Thank you very much.

[English]

     Thank you very much.
    I just want to mention three things. First, if any of you have written submissions that you didn't get to present orally, we're happy to receive them. They will come to the committee and the committee will consider them.
    Second, I want you as a committee to confirm that you'd be okay to go until about 4:10 or 4:15 so we have a full round of questioning. I notice it takes about eight minutes to get seven minutes of questioning in with our members, so, if you're willing, we'll go to about 4:10 or 4:15, so we get a full round in.
    The last thing is that, as chair, I should have said as we began the meeting that we are not from the government. This is a parliamentary committee. The government issues through the Minister of Public Safety and Emergency Preparedness a green paper. Part of our work is also to examine, as parliamentarians, the green paper. However, our consultation is not on the green paper, but it uses it. We are quite free to go further than that in our recommendations to Parliament regarding the national security framework.
    We will begin now with Mr. Di Iorio.

[Translation]

    Thank you, Mr. Chair.
    I'd like to thank the three witnesses for travelling here. I greatly appreciated their presentations, which were most instructive, and very helpful.
    I will ask the three witnesses a question that preoccupies me enormously and that I consider the starting point.
    We have had to intervene in a whole host of areas since our election to Parliament. One thing we're doing is to try to look into best practices.
    I'm a member of the Liberal Party, and part of a Liberal caucus that forms the majority and therefore forms the government. As the chair noted, we are taking part in a decision that will have consequences for the public. Moreover, we like to draw inspiration from things that are being done well, and to know which experiences have been negative.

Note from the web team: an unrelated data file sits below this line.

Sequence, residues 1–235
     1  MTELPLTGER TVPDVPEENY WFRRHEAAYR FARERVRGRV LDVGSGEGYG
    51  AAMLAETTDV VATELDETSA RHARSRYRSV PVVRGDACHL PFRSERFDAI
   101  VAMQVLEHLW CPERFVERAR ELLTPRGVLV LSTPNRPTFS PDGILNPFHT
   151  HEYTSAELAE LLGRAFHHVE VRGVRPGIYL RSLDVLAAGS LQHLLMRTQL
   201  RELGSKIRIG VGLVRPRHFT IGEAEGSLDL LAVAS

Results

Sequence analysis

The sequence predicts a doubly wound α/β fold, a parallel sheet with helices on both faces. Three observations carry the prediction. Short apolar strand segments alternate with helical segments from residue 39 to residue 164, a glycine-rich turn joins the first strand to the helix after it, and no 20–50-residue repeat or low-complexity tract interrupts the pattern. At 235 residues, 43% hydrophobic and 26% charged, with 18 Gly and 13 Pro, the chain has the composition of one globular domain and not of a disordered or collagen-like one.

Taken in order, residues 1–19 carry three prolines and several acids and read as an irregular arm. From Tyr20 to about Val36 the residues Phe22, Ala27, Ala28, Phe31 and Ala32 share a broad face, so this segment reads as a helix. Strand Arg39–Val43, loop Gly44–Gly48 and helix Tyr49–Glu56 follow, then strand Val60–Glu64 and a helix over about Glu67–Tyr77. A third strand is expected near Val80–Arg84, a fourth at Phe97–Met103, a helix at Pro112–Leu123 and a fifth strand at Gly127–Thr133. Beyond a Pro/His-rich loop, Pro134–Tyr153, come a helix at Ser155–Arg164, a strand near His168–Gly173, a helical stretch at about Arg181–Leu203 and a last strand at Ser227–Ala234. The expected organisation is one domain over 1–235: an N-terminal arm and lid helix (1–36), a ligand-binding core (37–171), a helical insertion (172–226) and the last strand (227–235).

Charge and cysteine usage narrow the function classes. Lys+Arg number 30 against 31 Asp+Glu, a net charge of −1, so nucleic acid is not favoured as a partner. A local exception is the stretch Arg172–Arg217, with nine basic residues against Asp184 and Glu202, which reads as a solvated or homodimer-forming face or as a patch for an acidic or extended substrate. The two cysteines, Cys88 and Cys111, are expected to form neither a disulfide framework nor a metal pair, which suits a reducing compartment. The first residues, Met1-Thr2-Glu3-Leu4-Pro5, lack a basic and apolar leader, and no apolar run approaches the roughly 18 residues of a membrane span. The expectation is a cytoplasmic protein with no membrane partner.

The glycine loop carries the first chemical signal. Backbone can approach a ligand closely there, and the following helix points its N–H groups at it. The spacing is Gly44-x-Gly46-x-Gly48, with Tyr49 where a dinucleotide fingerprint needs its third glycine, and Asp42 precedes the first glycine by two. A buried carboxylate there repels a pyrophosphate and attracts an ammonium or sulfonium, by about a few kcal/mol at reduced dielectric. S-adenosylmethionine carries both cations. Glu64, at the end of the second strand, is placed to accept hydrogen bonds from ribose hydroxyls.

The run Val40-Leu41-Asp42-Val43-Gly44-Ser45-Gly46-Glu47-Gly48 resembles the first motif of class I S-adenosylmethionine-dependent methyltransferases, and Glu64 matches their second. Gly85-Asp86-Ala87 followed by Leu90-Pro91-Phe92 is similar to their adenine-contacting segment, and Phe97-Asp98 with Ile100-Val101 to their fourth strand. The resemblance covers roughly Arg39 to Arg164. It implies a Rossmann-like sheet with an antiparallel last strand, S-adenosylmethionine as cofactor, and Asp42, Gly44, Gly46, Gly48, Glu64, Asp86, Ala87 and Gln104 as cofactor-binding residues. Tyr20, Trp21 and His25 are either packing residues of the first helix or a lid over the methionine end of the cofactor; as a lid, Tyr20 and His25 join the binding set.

In your presentations, you referred to certain experiences in other countries. I would like your guidance. Are there one or more countries that could serve as inspiration in certain areas? Perhaps not contemporary examples, but something that has happened in history. What can we glean from the international experience?
    I would love it if all three of you could answer.
    We can certainly look to our neighbours in the United States to observe the experiences that were not—
    I'm looking for positive experiences. I've already heard plenty of negative ones.
    Okay, let's talk about positive experiences.
    Terrorism prevention is a very specific field. It's not my specialty, but I think the public is able to see that in countries where poverty and isolation are eradicated, a social safety net and social solidarity are put in place, and immigrants are integrated rather than being excluded because they dress differently, and not pigeonholed, things go much better. In general, there's also much less violence when there's less poverty and social exclusion. It's in countries where—

  (1540)  

    Okay.
    I'm going to have to interrupt you because my time is limited.
    I'd like you to give us concrete, real-life examples. I understand the general terms to which you refer. However, on a very practical level, I am asking you to give us concrete cases and concrete situations on this topic.
    Canada is in a better position than France with regard to terrorist attacks.
    France is in a constant state of emergency. The country has very repressive laws that do not seem to work. I am speaking here as a member of the general public, who has no expertise in this regard. However, when one looks at the situation from the outside, France seems heavily involved in repressive action, and yet it doesn't seem to work. The United States is doing the same thing, and it doesn't seem to work. Yet when you look at other countries, like the Scandinavian countries, there seems to be less repression and less terrorism.